Trehalose complex for sure.
Posted by: Amazone I., Monday, October 28, 2013, 8:18am; Reply: 17
Maria Giovanna, remember also the psyche correlation is playing a huge role!  ;)
and also we can be predisposed to whatever but it mustn't come true..... 8)
and I've remarked in nearly all of my Azh-clients and dementia..all those were driven by huge lacks of fatty acids....the big need for all cell membranes ;) :D...
Posted by: Averno, Monday, October 28, 2013, 4:31pm; Reply: 18

Timely article:

Be sure and read the comments at the bottom. It's complicated.

My mother died with Alzheimers disease. The last 5 years were terribly sad for me.

Posted by: Amazone I., Wednesday, October 30, 2013, 10:19am; Reply: 19
remember once upon the time my bla's from this or last year about the film including nuns in their last days, between 80 and more then 90 years aged, who were according that after their death their brains should be seen for Azh... and in the most agile and
almost aged lady (she died after her 103 birthday) she showed up with the most plaques in her brain but no signs of Azh. when she was alife to detect... as written today I'm more then convinced that a lot here also is psychogen...and a lot of diseases are meant to overcome only spiritually.....this is my opinion todays coz of my very long observations of different patients since years¨...!

and sorry forgot :K) to you dearest Averno(smile)
Posted by: Maria Giovanna, Wednesday, October 30, 2013, 11:31am; Reply: 20
Isa very interesting, it may be depression , anger or emotonal distress for some people can lead to a brain shut down , I believe it easily...
My take  with three old persons healthily survivig with a ready mind
A- are not much more prone to this terrible disease.
I agree also on fatty acids, fish, linseed oil and ghee !
Posted by: Averno, Wednesday, October 30, 2013, 12:03pm; Reply: 21
Quoted from Maria Giovanna
Isa very interesting, it may be depression , anger or emotonal distress for some people can lead to a brain shut down , I believe it easily...
My take  with three old persons healthily survivig with a ready mind
A- are not much more prone to this terrible disease.
I agree also on fatty acids, fish, linseed oil and ghee !

My mother became all of the above after my father died, and her decline was obvious. Perhaps the "shut down" that you mention prevents the brain from forming neurological "work-arounds" that might otherwise occur. Such as the case with the aforementioned Nuns. The difference might mean a somewhat faltering existence vs grinding to a halt.

Thank you, Isa  :K)

Posted by: Maria Giovanna, Wednesday, October 30, 2013, 9:15pm; Reply: 22
My mom had Alzheimer for nearly 10 years Averno and died of colon cancer 15 days ago. Since 2004 to 2011 she was a  walking, active, self reliant for eating her food case of Alzheimer. I feel for your family and you
Posted by: Mrs T O+, Wednesday, October 30, 2013, 9:53pm; Reply: 23
((HUGS)) & condolences to you & your family. It is hard to lose a parent no matter how old they are.  You have had a long time with her illnesses & need time to heal. The BTD forum friends are here for you!!
You may want to post on Little Fishes or Fresh Start to share the news.
Posted by: Averno, Wednesday, October 30, 2013, 9:55pm; Reply: 24
Quoted from Maria Giovanna
My mom had Alzheimer for nearly 10 years Averno and died of colon cancer 15 days ago. Since 2004 to 2011 she was a  walking, active, self reliant for eating her food case of Alzheimer. I feel for your family and you

Thank you, Maria. So sorry for your loss.   (dove)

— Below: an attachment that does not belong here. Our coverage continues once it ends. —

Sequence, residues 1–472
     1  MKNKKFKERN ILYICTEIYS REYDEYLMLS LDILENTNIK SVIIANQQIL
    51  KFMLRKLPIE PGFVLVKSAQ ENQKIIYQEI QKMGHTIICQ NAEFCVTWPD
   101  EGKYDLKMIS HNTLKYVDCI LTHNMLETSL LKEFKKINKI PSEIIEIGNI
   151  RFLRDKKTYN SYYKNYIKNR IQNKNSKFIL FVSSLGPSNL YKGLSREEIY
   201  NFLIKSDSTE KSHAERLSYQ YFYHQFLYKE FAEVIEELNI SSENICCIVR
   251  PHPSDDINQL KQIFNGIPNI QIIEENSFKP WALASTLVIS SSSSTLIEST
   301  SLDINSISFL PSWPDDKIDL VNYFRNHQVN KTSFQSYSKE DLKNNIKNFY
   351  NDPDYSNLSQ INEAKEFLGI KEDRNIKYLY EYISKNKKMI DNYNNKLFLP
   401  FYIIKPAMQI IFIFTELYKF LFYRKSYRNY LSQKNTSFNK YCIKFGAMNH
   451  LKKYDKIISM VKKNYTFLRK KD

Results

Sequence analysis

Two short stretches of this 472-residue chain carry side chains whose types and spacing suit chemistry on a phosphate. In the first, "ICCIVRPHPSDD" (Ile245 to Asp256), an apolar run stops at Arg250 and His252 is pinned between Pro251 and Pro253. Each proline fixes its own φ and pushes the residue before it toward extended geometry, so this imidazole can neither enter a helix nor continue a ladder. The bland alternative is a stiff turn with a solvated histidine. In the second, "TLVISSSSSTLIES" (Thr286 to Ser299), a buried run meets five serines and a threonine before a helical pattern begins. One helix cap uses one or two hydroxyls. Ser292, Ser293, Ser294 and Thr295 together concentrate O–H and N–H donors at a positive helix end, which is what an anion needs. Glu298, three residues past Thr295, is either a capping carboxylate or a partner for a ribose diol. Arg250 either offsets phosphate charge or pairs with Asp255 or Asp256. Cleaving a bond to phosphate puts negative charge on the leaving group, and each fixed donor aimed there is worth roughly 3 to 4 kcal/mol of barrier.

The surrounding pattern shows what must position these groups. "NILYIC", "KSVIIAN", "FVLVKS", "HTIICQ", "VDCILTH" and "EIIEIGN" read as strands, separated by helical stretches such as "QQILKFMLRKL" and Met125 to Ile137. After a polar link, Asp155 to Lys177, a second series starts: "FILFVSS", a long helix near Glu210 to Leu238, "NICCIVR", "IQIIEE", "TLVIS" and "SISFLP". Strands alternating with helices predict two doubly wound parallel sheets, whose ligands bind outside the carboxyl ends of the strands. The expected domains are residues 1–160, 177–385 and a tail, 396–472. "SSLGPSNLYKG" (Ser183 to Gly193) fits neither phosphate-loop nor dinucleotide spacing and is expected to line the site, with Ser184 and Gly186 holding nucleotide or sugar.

Posted by: Victoria, Thursday, October 31, 2013, 4:39am; Reply: 25
Quoted from Maria Giovanna
My mom had Alzheimer for nearly 10 years Averno and died of colon cancer 15 days ago. Since 2004 to 2011 she was a  walking, active, self reliant for eating her food case of Alzheimer.

Maria, much love to you.   :K)  And blessings of peace to your family.
Posted by: Amazone I., Thursday, October 31, 2013, 6:17am; Reply: 26
oops here I join Averno dearest Maria Giovanna, condoleances for the loss of your mum :K)
Posted by: Maria Giovanna, Thursday, October 31, 2013, 12:32pm; Reply: 27
Thanks all, the last days  we children  could not accept the great suffering she endured, she tried to speak again to ask help with all the painkillers and morphine, but eventually she was just freed , she could not go on living in that way. Thanks again
Posted by: Andrea AWsec, Thursday, October 31, 2013, 12:38pm; Reply: 28
Posted by: Chloe, Wednesday, February 18, 2015, 2:32pm; Reply: 29
Updating with research info.
Posted by: misspudding, Friday, February 20, 2015, 8:04am; Reply: 30
Quoted from Chloe

Interesting. Benadryl?! I just gave my kid a benadryl tonight (it's hay fever season here...February, I know, it doesn't make sense to me either), so I'm all  :o

My grandmother (dad's mom) had dementia for a few years before she died at 86. I'm pretty sure she was an A or B, and probably had undiagnosed celiac (her mom died of colon cancer). Mom's mom was mentally sharp up until she passed at 86. She was A, not sure if A+ or A-, but one of her daughters is O-, so definitely had some of the Rh -.

Condolences to all who have had to suffer through dementia or Alzheimers with their loved ones. It was hard with my dad's mom.  She lived with us for a year before moving to an assisted living place and still sort of seemed to know who I was at that time, so it wasn't as bad as it could be. It was hard, though.
Posted by: Chloe, Thursday, March 12, 2015, 3:37pm; Reply: 31
Alzheimer's 'breakthrough:' noninvasive ultrasound technique restores memory in mice
Posted by: Chloe, Thursday, April 30, 2015, 3:56pm; Reply: 32
Updating this thread with new information.
Posted by: Jane, Thursday, April 30, 2015, 4:06pm; Reply: 33
Wow!  It's certainly something I'll keep my eye on.  I take my Trehalose Complex everyday but I have been noticing lately that my "processor" is slow.  I get a lot of that "on the tip of my tongue" feeling.
Posted by: Chloe, Wednesday, May 6, 2015, 9:01pm; Reply: 34
Updating with new Alzheimer's info...
Posted by: C_Sharp, Sunday, May 10, 2015, 5:40pm; Reply: 35